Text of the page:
Currently, Coffee Creek is the only entity in Oregon rearing Taylor’s checkerspot butterfly larvae. However, there is no long-term funding plan for Coffee Creek to continue the program, and there are limitations to rearing at this facility. Captive-rearing and butterfly introductions to native habitat are fundamental to recovering the species and ensuring its survival. Without a robust captive-rearing program, recovery is distant, and extirpation is near. The story of the Taylor’s checkerspot butterfly—thus far—has been has full of doom and gloom.

But, there is hope, and good news to share: in 2023, IAE received funding from the Oregon Watershed and Enhancement Board (OWEB) to fund: (1) habitat restoration efforts, (2) plant material production and acquisition, (3) a new captive rearing center at Oregon State University’s Mid-Columbia Agriculture Research and Extension Center through 2026, and (4) effectiveness monitoring.

Volunteers planting nectar resources for Taylor’s checkerspot butterfly at Beazell Memorial Forest on November 7, 2023. Photo credit: Evan Lasley

Habitat Restoration

The grant provides funding to continue and expand restoration efforts across 130 acres in Benton County, including the two extant sites and seven additional sites for butterfly introduction. Restoration work is well underway: we planted 180 pounds of native nectar seed, 15 pounds of English plantain seed, a small amount of golden paintbrush seed, 6,380 bulbs and 14,600 bare root plants in 2023. In addition, IAE staff treated many acres of invasive weeds including false brome (Brachypodium sylvaticum), Scotch broom (Cytisus scoparius), and Himalayan blackberry (Rubus bifrons). Planting and weed-abatement efforts will continue through 2026.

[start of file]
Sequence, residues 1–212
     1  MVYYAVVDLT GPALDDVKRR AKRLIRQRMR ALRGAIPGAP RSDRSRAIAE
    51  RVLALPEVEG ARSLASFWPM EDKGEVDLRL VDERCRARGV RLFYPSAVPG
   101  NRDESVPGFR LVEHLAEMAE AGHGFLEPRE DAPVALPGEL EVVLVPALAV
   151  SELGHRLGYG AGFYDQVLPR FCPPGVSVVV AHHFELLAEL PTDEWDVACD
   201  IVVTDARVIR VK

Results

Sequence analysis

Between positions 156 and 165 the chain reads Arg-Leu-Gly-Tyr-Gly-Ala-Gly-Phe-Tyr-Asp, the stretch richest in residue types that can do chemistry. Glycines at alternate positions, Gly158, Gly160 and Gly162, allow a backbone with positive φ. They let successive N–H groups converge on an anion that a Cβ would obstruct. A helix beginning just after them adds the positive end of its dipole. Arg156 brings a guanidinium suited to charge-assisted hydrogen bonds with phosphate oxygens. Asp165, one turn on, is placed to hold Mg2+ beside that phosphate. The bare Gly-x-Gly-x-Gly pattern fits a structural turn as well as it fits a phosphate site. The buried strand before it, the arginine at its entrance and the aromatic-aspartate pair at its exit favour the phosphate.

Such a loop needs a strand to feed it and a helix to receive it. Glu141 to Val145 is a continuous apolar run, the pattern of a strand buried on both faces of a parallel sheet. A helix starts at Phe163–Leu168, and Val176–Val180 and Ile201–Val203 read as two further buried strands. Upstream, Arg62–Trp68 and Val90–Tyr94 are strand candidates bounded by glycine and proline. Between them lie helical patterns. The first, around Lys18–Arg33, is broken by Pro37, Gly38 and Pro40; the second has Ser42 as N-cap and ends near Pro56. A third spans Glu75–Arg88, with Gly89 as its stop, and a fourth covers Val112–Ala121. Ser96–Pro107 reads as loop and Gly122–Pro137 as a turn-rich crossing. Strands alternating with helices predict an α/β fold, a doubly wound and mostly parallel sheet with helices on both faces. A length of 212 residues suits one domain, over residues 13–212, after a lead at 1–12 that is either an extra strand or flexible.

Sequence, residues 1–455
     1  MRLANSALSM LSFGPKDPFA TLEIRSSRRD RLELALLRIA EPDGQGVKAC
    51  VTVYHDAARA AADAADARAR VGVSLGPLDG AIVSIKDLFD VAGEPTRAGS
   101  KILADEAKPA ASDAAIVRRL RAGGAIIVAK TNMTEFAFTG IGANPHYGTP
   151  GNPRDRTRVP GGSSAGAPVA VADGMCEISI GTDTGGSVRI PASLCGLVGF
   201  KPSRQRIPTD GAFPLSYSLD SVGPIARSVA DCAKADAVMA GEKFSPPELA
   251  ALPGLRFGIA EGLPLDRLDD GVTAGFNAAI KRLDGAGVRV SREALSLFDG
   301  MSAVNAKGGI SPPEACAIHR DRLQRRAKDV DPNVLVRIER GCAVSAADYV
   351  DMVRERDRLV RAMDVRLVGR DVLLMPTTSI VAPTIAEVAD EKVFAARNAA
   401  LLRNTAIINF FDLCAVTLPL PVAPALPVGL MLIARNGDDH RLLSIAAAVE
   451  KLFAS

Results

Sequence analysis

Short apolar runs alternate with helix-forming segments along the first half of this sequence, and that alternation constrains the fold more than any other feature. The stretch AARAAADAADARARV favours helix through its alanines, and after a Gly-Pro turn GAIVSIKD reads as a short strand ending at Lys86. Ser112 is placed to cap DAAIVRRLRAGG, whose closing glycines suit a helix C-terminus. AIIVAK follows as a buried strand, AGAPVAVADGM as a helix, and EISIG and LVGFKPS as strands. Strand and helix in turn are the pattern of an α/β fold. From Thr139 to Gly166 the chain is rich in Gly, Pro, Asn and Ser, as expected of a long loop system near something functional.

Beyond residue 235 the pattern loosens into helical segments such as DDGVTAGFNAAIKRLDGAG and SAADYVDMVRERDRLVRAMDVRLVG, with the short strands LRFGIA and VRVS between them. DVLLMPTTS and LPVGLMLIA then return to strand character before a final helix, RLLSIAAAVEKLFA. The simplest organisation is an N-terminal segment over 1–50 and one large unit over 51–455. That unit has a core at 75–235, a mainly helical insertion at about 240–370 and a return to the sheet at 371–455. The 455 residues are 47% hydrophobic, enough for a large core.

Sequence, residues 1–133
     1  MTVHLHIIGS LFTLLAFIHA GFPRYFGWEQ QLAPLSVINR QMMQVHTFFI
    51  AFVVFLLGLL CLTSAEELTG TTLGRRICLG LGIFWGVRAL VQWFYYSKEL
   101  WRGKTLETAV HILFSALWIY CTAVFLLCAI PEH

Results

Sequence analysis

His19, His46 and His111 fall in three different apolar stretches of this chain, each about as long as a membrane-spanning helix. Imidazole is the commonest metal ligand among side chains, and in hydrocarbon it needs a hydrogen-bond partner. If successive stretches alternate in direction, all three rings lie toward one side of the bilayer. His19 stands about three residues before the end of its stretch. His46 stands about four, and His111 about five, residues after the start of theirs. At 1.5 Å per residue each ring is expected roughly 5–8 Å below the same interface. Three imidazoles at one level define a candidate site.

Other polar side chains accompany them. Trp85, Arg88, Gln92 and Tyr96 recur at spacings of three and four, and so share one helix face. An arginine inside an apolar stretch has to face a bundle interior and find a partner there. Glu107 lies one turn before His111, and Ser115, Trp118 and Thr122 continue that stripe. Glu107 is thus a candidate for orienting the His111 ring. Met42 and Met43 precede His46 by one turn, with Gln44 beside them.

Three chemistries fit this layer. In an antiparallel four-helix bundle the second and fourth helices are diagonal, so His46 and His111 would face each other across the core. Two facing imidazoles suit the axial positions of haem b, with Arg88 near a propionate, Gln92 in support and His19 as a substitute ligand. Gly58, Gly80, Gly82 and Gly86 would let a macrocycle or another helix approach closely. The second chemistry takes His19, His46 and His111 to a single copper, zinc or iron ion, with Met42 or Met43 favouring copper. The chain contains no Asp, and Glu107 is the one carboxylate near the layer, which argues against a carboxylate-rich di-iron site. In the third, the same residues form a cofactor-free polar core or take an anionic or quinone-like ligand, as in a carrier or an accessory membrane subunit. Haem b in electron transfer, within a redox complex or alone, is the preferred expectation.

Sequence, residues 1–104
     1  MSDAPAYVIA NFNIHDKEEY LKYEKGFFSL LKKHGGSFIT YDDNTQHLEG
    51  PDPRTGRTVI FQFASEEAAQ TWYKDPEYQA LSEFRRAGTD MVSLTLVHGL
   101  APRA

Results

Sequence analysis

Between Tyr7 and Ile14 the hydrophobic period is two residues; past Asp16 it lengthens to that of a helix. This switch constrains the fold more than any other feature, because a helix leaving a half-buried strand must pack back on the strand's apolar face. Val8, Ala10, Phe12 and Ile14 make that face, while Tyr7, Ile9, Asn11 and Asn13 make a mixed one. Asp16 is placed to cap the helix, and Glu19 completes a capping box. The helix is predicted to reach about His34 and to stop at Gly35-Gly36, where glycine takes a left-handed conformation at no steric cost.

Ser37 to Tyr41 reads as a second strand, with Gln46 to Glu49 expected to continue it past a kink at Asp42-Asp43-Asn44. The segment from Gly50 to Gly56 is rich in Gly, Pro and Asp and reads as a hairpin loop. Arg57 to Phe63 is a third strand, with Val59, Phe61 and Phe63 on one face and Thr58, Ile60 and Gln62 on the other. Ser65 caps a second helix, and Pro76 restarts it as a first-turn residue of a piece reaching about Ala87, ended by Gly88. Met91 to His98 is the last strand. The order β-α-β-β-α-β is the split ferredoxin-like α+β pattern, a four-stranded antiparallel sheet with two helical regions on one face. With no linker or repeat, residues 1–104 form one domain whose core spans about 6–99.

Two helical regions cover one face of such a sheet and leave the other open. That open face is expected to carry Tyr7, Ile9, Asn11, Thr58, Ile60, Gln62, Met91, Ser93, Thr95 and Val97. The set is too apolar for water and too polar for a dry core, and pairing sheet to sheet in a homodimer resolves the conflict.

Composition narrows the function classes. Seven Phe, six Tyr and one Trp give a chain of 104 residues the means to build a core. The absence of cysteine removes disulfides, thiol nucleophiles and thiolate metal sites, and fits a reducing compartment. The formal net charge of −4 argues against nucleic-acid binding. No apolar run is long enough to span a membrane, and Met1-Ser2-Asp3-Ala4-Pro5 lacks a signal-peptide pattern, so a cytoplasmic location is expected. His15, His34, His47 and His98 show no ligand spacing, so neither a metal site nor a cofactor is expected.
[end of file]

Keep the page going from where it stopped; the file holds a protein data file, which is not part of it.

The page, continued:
Seed Production and Plant Material Acquisition

Having plant materials sufficient to regularly put them on the landscape is critical to meeting Taylor’s checkerspot butterfly recovery goals. For butterfly recovery to be successful, we need copious amounts of English plantain, golden and harsh paintbrush, nectar seed, as well as bulbs and bare root plants to be readily available. OWEB funds were used to establish a golden paintbrush seed production field—and over $75,000 of the grant has been earmarked to purchase seed and plugs. Putting these native plants back on the landscape will make a huge difference for the Taylor’s checkerspot butterfly, other native pollinators, and increase biodiversity across the landscape.